• Luke, I don’t see why we couldn’t invite representatives from publishers who might be interested in indies who can offer to bring their own audience with them. I reckon Baen and Castalia House would be almost certain to send someone to talk with us, and I’m sure there’d be others. We don’t want the Author Solutions type of dreck, but solid folks who understand the current state of the market and are willing to deal with it.

    • Uncle Lar

      Until recently the traditional publishers had a lock on the primary means of distribution. They still do when it comes to paper books placed in brick and mortar book stores. They also provided value added by orchestrating all the fiddly bits beyond the actual writing of the book itself with editing, formatting, cover art and layout, promotion, and that aforementioned distribution. From all reports the big five, and mostly the small houses as well are cutting way back on all of that. And with the near death of real book stores what is left is Amazon. And with electronic books all that hassle of printing and estimating how large a print run to invest in goes away.

  5. I’m mystified – if you already have ‘as an independent artist or author, an established readership, guaranteed to buy your books, in sufficient numbers that the proposition will be profitable for a publisher as well as yourself,’ you don’t need a publisher.

    If your books are attractive to a publisher, unless you can negotiate a large advance and better terms than most contracts, you’re far better off not going down the mined path of traditional publishing.

    It’s getting to the ‘established readership’ that is the hard part, the heavy lifting. Once you’re there, just write more books. Publishers take the lion’s share of the profits – they have to justify that share.

    The people who get the best deals are those who get the huge advances for a first novel, i.e., win the lottery.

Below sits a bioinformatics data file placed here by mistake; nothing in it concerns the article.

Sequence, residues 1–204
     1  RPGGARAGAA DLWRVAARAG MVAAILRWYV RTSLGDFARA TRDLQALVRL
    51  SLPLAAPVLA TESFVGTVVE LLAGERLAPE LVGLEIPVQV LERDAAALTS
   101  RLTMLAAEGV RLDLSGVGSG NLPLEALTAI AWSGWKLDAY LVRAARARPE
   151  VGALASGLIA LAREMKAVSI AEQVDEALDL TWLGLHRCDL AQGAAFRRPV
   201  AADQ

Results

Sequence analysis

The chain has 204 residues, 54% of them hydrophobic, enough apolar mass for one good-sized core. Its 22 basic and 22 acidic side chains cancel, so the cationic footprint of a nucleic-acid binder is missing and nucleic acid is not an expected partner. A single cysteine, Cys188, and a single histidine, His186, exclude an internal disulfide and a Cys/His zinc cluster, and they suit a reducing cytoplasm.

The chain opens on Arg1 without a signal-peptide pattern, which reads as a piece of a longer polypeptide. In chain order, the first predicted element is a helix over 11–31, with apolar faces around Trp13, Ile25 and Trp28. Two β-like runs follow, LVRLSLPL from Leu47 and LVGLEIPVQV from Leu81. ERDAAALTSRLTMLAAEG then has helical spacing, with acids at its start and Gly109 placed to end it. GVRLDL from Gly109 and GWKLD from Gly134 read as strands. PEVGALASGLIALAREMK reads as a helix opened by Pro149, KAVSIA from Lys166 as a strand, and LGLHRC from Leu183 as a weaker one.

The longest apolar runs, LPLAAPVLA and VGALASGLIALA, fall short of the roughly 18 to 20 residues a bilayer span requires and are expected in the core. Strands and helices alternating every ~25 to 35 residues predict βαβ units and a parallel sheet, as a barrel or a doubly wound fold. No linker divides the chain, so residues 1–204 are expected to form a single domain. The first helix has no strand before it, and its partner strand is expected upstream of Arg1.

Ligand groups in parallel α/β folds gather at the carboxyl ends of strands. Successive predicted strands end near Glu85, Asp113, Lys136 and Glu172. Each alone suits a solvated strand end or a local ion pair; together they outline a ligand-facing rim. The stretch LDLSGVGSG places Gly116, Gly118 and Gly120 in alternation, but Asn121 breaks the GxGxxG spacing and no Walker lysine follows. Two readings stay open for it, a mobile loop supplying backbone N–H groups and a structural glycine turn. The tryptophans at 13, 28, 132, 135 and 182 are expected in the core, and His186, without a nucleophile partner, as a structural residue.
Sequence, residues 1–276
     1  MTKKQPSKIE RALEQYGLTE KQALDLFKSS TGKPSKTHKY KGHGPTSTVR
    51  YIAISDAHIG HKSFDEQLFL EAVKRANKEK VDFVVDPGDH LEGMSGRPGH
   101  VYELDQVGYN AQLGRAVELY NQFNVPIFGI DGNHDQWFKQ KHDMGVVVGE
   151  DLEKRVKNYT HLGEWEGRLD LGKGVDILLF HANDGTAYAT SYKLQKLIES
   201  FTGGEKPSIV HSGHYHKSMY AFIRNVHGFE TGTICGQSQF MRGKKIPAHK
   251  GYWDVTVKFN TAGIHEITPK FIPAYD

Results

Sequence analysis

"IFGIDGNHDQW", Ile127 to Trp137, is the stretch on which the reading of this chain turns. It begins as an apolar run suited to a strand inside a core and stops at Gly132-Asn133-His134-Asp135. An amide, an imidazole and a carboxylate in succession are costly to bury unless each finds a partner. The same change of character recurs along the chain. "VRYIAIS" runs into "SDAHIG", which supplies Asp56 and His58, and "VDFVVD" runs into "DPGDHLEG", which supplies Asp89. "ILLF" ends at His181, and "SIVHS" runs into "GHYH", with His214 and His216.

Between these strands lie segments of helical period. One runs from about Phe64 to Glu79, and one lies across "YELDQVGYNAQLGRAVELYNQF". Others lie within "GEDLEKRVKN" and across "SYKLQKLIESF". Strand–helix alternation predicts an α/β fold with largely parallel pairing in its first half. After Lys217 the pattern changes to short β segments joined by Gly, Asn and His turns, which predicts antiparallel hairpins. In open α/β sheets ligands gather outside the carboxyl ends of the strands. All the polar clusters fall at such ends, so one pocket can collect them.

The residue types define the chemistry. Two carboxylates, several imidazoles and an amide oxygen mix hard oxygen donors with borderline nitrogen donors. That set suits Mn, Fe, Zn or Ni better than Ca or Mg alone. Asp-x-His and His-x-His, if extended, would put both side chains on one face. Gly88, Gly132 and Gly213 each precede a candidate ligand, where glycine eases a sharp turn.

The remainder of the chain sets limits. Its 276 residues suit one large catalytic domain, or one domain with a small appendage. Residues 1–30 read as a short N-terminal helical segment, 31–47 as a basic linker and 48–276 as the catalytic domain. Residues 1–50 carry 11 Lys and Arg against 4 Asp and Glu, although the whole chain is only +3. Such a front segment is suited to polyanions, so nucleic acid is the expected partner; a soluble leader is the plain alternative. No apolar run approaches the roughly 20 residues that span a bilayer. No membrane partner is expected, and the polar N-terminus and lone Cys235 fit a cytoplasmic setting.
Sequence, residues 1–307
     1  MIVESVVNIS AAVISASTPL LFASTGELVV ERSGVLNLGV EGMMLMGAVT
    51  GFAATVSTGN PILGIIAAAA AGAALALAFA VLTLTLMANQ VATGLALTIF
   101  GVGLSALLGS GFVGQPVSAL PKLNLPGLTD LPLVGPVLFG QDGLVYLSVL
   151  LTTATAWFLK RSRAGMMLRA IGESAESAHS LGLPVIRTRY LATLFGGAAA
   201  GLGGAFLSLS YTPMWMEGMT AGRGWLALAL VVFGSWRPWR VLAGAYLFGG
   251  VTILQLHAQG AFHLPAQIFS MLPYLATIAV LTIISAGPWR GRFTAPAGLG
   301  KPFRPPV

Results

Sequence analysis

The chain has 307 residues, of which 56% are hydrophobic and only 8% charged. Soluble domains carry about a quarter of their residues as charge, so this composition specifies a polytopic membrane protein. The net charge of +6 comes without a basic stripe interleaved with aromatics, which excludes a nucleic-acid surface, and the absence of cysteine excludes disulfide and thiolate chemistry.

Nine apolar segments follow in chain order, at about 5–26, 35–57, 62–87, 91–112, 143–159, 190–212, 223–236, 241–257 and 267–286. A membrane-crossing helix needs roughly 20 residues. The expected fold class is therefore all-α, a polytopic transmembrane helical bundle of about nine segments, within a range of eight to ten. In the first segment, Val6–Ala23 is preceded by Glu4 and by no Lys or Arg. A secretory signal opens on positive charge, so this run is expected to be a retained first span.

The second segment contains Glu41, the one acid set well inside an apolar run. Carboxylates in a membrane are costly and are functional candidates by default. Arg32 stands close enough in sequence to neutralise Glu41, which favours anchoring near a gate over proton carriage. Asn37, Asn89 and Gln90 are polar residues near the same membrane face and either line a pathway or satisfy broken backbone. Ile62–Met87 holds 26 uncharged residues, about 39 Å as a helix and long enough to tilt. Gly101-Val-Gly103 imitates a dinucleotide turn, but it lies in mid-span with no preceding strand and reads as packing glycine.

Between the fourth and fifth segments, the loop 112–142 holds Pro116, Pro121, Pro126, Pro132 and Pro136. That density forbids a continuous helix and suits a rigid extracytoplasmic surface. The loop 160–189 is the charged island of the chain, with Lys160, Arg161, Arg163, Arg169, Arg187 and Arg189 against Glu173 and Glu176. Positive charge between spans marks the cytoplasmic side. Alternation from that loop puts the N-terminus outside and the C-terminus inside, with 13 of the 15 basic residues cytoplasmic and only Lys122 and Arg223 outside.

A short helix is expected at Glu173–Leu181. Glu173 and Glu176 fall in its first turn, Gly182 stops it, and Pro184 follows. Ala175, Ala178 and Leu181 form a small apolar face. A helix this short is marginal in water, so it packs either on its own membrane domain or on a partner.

I’m probably wrong – and would look at a contract very carefully before rejecting one (if a publisher came after me) – but the help most of us could really use starting out is not being offered.

    • Alicia, it’s like this. If I can sell X number of books on my own, and make (on Amazon’s KDP Select program) 70% royalties on them, I can earn a decent amount of money – but it’s up to me to market those books and sell as many as possible.

      If I use a publisher who’ll pay me (say) 35% royalties (as Amazon’s internal publishing imprints do), but will also boost sales by advertising and publicizing my work, I may sell three times as many books as I would on my own. Three times the sales, even at half the royalties, still translates to more money for me. (Castalia pays higher than 35%, and I’m aware that other publishers are already exceeding the ‘industry norms’ that are so unfair to authors.) There’s also the important factor that I no longer have to spend as much time on cover design, formatting, etc. The publisher will handle that (and, if one is lucky, one will still have a certain amount of input and/or control in that process).